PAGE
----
On August 8, 2023, the United States Court of Appeals for the Ninth Circuit issued a published opinion holding that conventional text messages do not amount to “artificial or prerecorded voice” calls under the Telephone Consumer Protection Act of 1991 (TCPA). In Trim v. Reward Zone USA LLC, the court rejected a plaintiff’s unusual argument that “voice” should be considered as “an instrument or medium of expression,” and that such a definition includes text messages. This distinction is vital, because the use of an artificial or pre-recorded voice triggers consent requirements and potential statutory damages under the TCPA. In other words, if a text message amounts to the use of an artificial or pre-recorded voice, the TCPA’s consent rules would apply to every such message.
Among other things, the TCPA prohibits making calls or sending texts to mobile numbers using either (i) an automatic telephone dialing system, (ii) a pre-recorded voice or (iii) an artificial voice, unless the caller has prior express consent (and prior express written consent for calls and texts that are telemarketing under TCPA). As businesses increase their use of automated text messages to communicate with their customers, employees and patients, aggressive plaintiffs have tried to cash in by pursuing TCPA class actions arising from such uses of text messages.
Recent case law from the Supreme Court has substantially narrowed the categories of technology that count as an automatic telephone dialing system, making it harder for plaintiffs to win TCPA cases. In response, the class-action plaintiffs in Trim v. Reward Zone argued that because a text message is “an instrument or medium of expression,” it constitutes a “prerecorded voice” under the TCPA—and thus the consent requirement applies even without the use of an automatic telephone dialing system.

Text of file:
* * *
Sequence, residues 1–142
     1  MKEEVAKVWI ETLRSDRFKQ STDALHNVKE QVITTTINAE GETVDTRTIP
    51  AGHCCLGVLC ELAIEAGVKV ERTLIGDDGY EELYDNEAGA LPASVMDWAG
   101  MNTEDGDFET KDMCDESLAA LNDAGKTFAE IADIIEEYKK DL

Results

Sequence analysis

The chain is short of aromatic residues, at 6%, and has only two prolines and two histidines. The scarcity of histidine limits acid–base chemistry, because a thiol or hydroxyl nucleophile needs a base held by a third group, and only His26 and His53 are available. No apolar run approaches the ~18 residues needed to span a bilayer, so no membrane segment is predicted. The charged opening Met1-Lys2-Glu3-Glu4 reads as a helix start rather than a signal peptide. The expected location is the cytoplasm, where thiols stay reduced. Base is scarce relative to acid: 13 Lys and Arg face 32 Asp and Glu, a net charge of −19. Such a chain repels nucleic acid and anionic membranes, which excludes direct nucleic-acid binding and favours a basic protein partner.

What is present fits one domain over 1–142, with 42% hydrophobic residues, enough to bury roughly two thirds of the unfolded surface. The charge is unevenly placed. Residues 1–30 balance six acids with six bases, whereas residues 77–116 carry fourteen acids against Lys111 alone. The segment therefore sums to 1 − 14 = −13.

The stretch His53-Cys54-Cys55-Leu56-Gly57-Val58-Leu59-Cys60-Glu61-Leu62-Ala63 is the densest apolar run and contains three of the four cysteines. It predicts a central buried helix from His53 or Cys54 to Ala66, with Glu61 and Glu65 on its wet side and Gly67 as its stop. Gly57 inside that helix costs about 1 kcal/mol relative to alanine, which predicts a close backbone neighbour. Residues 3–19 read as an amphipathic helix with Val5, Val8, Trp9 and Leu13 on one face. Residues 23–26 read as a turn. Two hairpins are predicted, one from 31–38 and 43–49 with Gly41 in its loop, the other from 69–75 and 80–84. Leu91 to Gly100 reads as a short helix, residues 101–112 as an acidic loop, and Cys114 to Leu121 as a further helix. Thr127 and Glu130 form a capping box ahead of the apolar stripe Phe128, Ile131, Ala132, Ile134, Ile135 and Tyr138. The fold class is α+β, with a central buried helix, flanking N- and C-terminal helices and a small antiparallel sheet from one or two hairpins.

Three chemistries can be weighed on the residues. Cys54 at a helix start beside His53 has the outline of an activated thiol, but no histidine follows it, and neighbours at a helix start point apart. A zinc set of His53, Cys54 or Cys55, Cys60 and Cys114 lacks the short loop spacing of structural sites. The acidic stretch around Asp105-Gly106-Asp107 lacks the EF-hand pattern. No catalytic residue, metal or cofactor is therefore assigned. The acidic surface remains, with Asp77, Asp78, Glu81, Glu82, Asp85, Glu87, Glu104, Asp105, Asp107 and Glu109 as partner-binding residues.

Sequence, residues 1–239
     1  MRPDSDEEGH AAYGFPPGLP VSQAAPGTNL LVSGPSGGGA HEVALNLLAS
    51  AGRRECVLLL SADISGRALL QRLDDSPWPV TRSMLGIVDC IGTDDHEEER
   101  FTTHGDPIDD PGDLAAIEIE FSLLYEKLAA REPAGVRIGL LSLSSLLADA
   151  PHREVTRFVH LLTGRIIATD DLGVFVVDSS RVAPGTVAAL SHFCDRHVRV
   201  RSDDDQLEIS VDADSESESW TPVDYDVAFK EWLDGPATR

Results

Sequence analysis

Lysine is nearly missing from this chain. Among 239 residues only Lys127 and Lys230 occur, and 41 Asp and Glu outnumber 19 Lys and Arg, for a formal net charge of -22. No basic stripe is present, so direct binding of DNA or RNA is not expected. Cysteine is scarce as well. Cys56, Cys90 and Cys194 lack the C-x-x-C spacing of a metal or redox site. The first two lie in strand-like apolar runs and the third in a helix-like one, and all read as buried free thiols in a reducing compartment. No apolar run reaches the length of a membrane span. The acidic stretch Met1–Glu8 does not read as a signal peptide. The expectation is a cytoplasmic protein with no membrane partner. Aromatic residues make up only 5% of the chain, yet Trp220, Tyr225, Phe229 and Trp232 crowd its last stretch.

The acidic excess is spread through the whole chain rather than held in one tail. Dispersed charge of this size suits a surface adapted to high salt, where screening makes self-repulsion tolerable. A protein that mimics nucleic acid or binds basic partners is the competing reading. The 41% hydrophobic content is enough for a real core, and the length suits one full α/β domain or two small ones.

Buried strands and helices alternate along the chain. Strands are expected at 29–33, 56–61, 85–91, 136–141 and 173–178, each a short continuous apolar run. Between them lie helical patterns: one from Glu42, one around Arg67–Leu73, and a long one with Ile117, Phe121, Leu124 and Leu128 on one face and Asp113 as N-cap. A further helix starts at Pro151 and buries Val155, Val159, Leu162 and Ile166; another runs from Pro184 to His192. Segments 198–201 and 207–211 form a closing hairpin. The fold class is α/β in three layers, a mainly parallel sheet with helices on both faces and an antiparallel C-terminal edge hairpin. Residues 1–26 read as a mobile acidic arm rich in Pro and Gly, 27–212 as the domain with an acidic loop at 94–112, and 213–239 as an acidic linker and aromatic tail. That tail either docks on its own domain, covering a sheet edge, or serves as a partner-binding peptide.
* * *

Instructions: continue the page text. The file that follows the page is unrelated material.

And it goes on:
Fortunately for callers, the Ninth Circuit rejected this expansive interpretation. The court held that Congress “clearly intended ‘voice’… to encompass only audible sounds,” based on the ordinary definition of the word at the time of the TCPA’s passage in 1991. The court wrote that it could not “embrace an ‘idiosyncratic definition'” of a statutory term without strong proof of congressional intent. The court further explained that the TCPA elsewhere makes a reference to “a voice service or a text message,” a superfluous sentence if Congress intended the definition of “voice” to include text messages.
The court also rejected the plaintiff’s theory that Federal Communications Commission (FCC) rules required a finding that text messages are “voices.” The FCC has determined that a text message counts as a call under the TCPA, and the plaintiffs argued that the FCC’s interpretation of the definition of “call” must also mean that a text message contains a “voice.” Without reaching the question whether this is a fair description of the FCC’s ruling (and we submit that it is not), the court did not reach the issue, holding that it would not defer to the FCC’s interpretation because the statute is unambiguous.
The Ninth Circuit’s common-sense decision affirms the logic of recent district-court decisions that have similarly held that the “voice” restriction in the TCPA does not extend to text messages.
While helpful, this ruling does not eliminate TCPA risk for large-scale text messaging campaigns. McDermott’s TCPA team is available to answer your questions about strategies to manage and mitigate TCPA risk.